Friday, July 06, 2012

Review: How to Keep a Boy as a Pet by Diane Messidoro


Book Description via Goodreads:

ARC, 338 pages
July 2012, Hardie Grant Egmont

The Official Truth about dating the male human species!

Can taming a gorgeous boy really be as easy as walking a dog?

Circe Shaw is on a mission. She must transform into a fabulously sophisticated journalist and discover the amazing scientific truth about boys. Urgently.

But life is beyond complicated. Circe has to deal with a poisonous rival, her mum’s annoying ‘just friends’ men and her own Dark Past.

Can Circe’s daring investigation really teach her the facts of love? 

Will it help her finally get a boyfriend? 

Or will it break her heart…?

Source: Jen & Hardie Grant Egmont (Thank you!)

My Thoughts:

How to Keep a Boy as a Pet was the kind of book that lured you in from the beginning. Upon reading Circe’s first blog entry, I was glued to the pages. Fueled by curiosity and desire to find out why she never had a proper boyfriend, she embarked on a scientific research in proving that boys are more or less like pets. If you project the confidence and use the right kind of tone on boys, they will be at ease with you.

Circe was very funny, enthusiastic and inquisitive. It was easy for me to connect to her because she was down to earth, flawed and imperfect. She felt real to me. She was the kind of teenage girl who had family issues, confidence issues and even boy issues. Who wouldn’t get that?

Broad-backed and fit with piercing eyes, Rufus was attractive. He was deemed the perfect pet boy target by Savvy Rose, Circe’s one and only blog reader, and Tash, her best friend. But he was the Rudest, Meanest, Most Despicable Boy Circe has ever met so ‘taming’ him was bound to be difficult. It didn’t start well but with enough patience, practice and advice from Savvy Rose, Circe got result. Eventually, Rufus stopped barking and hissing at her. He became gentle with her and even started to like her. At first, I didn’t like Rufus at all. He was far too snappy, rude and sarcastic for my liking but after I saw his gentle side, I changed my mind about him. He was actually nice when he fought off his sarcastic side.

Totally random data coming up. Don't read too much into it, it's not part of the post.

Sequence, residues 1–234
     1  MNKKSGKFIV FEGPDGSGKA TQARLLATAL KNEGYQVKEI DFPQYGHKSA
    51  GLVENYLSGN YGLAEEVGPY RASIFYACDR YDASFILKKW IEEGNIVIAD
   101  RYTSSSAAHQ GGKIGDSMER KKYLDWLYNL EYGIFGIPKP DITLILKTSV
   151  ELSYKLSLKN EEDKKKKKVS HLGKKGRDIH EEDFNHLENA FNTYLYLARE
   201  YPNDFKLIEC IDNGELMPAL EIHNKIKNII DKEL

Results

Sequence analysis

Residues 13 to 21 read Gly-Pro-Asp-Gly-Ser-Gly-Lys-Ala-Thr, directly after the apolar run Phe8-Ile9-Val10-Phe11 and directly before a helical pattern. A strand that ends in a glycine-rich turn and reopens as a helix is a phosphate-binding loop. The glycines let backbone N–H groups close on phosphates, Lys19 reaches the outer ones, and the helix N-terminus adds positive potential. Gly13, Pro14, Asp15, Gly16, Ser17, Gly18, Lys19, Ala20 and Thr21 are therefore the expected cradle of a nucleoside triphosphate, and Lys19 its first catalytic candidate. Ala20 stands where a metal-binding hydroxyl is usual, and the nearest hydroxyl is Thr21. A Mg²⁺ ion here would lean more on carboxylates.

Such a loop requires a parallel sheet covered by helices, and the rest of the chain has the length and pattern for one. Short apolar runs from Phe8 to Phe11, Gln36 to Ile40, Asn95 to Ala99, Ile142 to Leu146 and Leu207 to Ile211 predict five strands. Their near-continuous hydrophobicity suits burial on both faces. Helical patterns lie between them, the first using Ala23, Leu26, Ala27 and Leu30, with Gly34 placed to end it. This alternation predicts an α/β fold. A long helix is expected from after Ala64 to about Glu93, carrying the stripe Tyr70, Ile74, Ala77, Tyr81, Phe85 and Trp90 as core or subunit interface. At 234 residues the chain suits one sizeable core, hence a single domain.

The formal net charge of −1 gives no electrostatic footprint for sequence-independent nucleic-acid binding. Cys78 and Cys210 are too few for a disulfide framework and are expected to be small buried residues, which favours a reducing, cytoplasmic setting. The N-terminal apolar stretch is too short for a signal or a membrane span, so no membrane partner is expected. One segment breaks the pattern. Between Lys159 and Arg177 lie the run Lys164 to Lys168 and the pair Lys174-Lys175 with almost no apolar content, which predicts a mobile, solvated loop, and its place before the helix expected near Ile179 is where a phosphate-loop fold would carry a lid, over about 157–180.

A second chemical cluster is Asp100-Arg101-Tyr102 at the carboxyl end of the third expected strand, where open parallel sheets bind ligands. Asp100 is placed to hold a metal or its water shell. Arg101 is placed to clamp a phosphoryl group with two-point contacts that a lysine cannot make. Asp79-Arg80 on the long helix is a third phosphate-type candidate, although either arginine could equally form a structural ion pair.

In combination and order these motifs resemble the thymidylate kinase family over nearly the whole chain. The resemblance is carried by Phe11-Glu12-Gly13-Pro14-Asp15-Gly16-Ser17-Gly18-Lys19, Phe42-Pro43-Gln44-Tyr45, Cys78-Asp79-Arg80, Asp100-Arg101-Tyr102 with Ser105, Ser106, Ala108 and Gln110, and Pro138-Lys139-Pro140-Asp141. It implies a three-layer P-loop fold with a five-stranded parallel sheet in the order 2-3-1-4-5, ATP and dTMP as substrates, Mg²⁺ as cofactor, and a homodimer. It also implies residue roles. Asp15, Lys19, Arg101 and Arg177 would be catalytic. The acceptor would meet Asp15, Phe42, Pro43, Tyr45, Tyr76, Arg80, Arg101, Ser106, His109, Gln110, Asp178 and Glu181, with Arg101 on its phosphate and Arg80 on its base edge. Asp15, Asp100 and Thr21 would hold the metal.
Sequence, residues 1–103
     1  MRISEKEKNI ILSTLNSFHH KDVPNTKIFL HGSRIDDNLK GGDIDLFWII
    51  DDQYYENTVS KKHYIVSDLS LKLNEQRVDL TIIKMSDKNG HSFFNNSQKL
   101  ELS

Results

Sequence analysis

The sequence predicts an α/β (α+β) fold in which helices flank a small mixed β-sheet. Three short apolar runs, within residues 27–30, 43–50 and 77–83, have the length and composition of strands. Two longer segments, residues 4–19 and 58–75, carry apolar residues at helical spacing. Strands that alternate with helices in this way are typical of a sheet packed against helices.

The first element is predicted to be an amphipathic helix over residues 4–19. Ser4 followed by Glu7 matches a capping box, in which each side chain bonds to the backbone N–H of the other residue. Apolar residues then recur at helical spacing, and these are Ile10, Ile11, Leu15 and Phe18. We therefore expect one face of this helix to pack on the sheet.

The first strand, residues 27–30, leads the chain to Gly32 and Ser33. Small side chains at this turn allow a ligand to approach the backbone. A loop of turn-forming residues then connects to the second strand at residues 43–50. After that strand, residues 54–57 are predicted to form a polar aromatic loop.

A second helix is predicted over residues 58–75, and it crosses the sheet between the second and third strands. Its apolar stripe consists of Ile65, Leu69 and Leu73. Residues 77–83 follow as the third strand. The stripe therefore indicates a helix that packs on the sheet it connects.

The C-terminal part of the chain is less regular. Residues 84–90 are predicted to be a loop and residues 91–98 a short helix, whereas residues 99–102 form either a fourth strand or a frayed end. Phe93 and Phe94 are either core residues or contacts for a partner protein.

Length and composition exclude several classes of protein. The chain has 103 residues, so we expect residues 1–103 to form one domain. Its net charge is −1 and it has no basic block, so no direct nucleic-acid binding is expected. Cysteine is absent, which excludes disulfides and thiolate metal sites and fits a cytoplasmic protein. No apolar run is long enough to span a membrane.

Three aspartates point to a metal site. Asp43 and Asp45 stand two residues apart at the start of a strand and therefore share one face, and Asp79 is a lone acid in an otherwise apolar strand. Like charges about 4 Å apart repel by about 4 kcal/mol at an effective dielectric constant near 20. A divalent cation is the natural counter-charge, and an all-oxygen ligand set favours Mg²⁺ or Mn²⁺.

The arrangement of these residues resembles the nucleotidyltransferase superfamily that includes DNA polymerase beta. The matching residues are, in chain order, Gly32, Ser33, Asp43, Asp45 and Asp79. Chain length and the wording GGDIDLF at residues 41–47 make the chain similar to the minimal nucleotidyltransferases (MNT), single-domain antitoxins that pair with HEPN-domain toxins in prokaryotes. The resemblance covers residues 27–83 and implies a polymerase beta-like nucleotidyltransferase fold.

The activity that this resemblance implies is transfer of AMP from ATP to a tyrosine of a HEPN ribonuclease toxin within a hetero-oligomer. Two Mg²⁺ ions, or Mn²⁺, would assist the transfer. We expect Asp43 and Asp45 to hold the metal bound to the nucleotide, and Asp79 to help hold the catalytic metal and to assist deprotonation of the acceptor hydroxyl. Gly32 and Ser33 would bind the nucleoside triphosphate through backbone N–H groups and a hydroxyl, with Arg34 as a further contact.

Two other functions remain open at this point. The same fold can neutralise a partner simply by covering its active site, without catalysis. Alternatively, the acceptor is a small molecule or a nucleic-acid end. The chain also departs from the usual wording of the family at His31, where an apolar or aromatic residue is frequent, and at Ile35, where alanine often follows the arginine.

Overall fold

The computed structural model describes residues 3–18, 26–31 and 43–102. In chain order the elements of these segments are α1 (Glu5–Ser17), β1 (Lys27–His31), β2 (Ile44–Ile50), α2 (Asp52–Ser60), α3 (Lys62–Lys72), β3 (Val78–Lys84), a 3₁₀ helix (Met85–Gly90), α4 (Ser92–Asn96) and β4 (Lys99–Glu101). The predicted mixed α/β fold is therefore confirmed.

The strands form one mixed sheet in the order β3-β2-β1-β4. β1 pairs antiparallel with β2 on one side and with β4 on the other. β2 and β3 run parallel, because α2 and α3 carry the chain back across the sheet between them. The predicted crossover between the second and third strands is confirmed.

I liked how the plot developed. In the beginning, the mood was light. But as the story progressed, I got to know more about the characters and more about Rufus and Circe’s issues. Gradually, it started to get more emotional and heavier as both Rufus and Circe kick started their relationship while dealing with their own family problems. I liked how the author showed the fragility of Circe’s relationship with her mum, as well as the ghost of her long-lost dad. The only thing that was lacking for me was that Rufus didn’t get to explain his side of the story. It has been a mystery throughout the novel and even though I got to know the basics of what his problem was, I think it would have been better if he was given a chance to talk about it near the end. Ahem, the reader (me) would also love to hear from him.

Packed with humor, sweet and hot kisses, and disastrous situations, How to Keep a Boy as a Pet is the perfect balanced read for YA contemporary readers. I couldn’t stop smiling at Circe’s funny and quirky point of view. I couldn’t stop laughing, too. Romantic, entertaining and unputdownable. Highly recommended!

Rating:




1 comment:

  1. This sounds great and slightly hilarious! I love that the book gradually develops from a lighter story into something heavier.

    Thanks for the review. (:

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